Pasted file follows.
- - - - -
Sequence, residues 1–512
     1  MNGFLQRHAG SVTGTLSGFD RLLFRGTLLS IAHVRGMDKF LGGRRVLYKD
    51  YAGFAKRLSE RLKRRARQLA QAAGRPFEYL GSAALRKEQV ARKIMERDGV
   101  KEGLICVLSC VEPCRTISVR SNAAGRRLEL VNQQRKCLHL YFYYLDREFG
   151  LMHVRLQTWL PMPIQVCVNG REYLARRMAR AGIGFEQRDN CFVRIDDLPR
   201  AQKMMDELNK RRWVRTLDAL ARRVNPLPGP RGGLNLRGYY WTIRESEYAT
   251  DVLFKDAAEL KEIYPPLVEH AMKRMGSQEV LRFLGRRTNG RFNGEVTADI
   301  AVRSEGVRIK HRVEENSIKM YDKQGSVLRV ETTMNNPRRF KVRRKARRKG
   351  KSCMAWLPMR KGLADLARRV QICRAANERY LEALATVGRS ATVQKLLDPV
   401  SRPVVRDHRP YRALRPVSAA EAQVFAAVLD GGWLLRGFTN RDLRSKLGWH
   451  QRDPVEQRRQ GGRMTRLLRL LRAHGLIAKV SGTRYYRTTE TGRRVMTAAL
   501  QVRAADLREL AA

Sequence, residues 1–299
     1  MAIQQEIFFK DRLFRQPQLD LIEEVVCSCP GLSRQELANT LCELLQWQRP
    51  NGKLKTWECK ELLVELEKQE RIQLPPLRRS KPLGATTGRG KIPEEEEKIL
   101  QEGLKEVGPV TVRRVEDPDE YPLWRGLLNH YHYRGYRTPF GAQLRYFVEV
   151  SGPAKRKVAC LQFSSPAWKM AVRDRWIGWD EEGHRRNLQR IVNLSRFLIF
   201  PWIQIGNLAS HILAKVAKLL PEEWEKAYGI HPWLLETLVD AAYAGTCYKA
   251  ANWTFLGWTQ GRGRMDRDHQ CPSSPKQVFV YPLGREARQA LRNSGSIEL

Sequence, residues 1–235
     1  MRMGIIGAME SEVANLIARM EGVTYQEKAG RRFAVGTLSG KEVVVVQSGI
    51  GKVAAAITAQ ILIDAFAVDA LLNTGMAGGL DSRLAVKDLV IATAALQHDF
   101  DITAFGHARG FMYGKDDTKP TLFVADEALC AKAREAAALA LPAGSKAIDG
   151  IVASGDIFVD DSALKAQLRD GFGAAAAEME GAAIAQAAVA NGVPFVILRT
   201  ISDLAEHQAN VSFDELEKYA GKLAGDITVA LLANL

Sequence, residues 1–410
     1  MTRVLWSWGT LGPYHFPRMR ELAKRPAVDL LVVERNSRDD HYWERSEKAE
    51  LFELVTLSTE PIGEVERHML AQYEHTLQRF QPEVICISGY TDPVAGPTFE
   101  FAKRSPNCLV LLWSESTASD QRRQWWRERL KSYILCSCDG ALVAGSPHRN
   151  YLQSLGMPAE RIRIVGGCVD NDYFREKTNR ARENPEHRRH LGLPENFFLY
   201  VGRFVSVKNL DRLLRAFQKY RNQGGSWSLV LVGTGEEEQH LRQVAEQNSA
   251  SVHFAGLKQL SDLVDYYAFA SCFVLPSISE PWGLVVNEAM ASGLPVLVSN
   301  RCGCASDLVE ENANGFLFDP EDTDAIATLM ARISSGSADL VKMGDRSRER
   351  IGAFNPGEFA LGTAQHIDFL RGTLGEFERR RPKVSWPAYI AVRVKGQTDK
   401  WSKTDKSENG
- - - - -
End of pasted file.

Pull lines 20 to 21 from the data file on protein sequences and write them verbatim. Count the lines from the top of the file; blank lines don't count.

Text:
Sequence, residues 1–235
     1  MRMGIIGAME SEVANLIARM EGVTYQEKAG RRFAVGTLSG KEVVVVQSGI